Rafu Staff Report
HUNTINGTON BEACH — The Huntington Beach Planning Commission on Aug. 13 voted 4-3 to certify an environmental impact report (EIR) for the Historic Wintersburg site, also known as the Warner-Nichols property, but voted 4-3 against a “statement of overriding considerations” (SOC), which means the historic buildings on the site won’t be demolished for now.
At issue is the preservation of buildings such as the Furuta family farm and Wintersburg Japanese Presbyterian Church, which represent the thriving Japanese American community in Orange County from the late 19th century to the outbreak of World War II.
The owner of the 4.4-acre property, Rainbow Environmental Services, says that the buildings, which have been empty for years, are a blight and a magnet for crime as well as an obstacle to development. Since rehabilitation/repurposing of the buildings on-site is not feasible, according to the EIR, Rainbow wants permission to tear them down if they cannot be relocated.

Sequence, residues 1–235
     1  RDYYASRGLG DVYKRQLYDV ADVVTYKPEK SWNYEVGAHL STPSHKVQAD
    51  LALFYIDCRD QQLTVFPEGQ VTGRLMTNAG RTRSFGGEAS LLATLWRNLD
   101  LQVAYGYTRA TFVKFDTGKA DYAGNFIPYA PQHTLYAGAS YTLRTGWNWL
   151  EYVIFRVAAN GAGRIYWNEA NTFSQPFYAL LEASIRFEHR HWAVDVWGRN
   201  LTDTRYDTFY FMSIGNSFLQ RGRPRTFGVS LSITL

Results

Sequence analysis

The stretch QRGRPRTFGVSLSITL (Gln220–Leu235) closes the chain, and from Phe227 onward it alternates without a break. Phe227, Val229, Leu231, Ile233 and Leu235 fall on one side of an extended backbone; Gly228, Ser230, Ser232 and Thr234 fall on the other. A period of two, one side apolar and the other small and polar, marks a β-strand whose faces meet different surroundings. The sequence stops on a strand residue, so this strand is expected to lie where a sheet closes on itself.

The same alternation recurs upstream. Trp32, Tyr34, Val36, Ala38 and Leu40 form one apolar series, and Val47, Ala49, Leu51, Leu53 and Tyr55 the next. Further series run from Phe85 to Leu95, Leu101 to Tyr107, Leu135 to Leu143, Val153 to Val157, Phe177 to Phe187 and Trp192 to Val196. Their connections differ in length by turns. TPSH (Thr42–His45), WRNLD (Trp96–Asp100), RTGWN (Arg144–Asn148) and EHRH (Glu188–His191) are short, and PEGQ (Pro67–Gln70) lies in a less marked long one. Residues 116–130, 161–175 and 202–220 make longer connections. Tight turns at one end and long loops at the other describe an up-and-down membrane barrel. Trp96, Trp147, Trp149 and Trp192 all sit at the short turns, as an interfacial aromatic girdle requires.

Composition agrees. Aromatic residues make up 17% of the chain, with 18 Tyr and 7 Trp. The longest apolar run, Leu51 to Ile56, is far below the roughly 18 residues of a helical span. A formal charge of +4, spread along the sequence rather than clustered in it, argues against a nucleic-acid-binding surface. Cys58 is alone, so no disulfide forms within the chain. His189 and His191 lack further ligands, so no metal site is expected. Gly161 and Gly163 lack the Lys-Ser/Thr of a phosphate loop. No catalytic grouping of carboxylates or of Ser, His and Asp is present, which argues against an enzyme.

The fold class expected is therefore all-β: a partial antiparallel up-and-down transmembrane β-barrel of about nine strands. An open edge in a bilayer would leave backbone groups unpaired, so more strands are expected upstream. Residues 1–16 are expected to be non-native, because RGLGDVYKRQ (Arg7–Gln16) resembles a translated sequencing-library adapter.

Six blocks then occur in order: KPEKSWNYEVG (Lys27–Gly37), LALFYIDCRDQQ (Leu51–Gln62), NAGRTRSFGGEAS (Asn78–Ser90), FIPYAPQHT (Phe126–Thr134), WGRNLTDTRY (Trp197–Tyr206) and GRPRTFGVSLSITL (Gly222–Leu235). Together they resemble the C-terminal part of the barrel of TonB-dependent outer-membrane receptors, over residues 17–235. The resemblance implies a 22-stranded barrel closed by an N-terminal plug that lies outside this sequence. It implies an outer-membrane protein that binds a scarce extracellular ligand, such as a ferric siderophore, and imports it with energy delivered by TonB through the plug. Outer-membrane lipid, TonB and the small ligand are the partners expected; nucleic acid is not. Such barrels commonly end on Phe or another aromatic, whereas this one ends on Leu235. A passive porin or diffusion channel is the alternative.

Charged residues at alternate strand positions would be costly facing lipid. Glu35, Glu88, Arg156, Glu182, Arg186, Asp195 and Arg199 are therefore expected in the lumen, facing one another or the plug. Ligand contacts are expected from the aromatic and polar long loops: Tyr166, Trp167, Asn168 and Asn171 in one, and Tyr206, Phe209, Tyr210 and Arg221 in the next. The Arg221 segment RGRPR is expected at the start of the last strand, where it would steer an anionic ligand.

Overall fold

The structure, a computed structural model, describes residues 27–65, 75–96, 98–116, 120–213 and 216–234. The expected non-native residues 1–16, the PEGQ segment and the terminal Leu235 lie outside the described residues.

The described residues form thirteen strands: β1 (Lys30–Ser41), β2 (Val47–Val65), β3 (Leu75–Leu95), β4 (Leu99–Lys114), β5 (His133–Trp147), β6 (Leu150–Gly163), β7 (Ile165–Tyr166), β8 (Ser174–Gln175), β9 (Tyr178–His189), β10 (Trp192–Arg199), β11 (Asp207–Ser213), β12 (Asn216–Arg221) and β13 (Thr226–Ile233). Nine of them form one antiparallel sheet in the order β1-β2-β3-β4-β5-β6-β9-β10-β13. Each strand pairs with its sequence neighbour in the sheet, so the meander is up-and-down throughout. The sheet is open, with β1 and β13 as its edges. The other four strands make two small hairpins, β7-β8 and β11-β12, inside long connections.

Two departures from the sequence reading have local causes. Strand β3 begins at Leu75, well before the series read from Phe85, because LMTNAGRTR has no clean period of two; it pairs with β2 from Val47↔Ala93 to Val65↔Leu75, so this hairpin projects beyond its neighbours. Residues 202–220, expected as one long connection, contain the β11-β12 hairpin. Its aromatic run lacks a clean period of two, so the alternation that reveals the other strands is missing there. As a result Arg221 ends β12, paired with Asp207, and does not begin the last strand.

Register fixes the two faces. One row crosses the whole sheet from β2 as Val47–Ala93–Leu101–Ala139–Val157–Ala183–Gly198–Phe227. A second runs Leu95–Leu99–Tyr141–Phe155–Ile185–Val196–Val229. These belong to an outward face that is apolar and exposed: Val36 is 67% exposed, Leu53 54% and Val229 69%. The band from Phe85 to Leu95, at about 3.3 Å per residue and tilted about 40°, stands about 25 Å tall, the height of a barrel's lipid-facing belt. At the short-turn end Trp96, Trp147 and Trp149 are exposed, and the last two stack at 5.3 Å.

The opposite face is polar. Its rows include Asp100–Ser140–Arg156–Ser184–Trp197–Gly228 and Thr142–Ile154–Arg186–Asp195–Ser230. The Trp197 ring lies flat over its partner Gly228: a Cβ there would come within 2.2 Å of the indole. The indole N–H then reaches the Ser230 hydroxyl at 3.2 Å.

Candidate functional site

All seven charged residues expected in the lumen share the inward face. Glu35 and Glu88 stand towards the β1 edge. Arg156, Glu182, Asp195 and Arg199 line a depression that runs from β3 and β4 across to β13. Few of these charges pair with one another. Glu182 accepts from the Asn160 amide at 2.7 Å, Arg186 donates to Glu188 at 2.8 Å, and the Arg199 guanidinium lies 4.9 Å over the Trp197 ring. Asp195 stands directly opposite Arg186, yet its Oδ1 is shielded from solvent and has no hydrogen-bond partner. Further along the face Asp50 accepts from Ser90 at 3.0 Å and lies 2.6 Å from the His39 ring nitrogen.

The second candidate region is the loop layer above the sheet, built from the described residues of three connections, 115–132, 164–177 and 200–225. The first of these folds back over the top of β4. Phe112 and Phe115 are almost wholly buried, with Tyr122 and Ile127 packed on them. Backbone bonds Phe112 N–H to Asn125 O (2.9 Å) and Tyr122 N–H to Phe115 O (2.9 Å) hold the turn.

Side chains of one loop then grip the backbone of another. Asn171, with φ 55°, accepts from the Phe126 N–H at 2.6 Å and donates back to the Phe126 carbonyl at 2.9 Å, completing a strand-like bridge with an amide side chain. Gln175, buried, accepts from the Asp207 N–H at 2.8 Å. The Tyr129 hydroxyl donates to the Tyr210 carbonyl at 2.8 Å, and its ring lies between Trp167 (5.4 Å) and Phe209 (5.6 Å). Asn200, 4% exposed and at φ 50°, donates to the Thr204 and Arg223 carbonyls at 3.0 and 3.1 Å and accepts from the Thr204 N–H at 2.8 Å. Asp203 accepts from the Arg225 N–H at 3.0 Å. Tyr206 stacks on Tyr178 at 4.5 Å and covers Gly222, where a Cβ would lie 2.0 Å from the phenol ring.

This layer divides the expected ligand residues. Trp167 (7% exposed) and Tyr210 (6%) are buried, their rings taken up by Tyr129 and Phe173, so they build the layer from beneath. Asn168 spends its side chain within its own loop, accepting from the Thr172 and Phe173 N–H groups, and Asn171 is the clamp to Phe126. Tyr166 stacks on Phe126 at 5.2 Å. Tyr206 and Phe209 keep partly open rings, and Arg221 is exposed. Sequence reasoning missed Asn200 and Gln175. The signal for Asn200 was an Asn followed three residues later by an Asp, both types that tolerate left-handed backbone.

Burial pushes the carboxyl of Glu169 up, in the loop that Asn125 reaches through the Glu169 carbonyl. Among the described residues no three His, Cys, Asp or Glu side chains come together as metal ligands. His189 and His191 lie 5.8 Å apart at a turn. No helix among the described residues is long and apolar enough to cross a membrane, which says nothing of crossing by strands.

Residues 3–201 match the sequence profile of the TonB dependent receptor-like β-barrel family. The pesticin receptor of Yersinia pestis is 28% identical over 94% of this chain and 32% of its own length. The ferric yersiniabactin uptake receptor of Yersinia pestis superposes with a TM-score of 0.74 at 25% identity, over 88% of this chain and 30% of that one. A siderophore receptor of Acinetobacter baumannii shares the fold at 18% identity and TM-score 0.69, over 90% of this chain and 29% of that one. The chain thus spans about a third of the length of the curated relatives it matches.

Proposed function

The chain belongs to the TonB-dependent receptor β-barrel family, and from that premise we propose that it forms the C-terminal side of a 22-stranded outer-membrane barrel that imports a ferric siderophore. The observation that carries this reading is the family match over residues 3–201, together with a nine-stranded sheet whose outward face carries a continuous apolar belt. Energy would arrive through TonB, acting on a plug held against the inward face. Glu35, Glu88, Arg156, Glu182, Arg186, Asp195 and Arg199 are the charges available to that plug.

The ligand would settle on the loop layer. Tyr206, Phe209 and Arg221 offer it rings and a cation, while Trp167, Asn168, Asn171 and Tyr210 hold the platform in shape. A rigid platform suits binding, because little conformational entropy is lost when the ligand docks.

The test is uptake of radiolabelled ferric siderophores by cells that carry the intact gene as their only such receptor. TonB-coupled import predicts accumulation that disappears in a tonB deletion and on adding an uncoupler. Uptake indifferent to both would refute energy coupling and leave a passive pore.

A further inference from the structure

Funds for the relocation and rehabilitation of the buildings would have to be raised privately, as the city would not be involved.
To facilitate development, the commission voted 5-2 to approve a General Plan amendment and rezone the property to commercial/industrial.
Rainbow is appealing the decision on the SOC to the Huntington Beach City Council.
Speakers at the commission meeting, which ran more than three hours, included representatives of Rainbow, who said the livelihood of the employees depends on developing the property, and members of the Historic Wintersburg Preservation Task Force along with other concerned members of the Japanese American community.
“I would like to consider it a victory in terms of the action taken to prevent demolition,” said Mary Urashima, chair of the task force. “I remain concerned about the certification of a flawed EIR and I remain concerned about the understanding of the very significant historical value of this site and the uniqueness of this site … I think this is such an important site not just for Huntington Beach but for California, and really for the West. It tells such a unique story and a history that has been neglected.”
As the task force waits to hear what the City Council will do, “we will continue … Historic Wintersburg is worth it,” Urashima said.
(A more detailed report will be published next week.)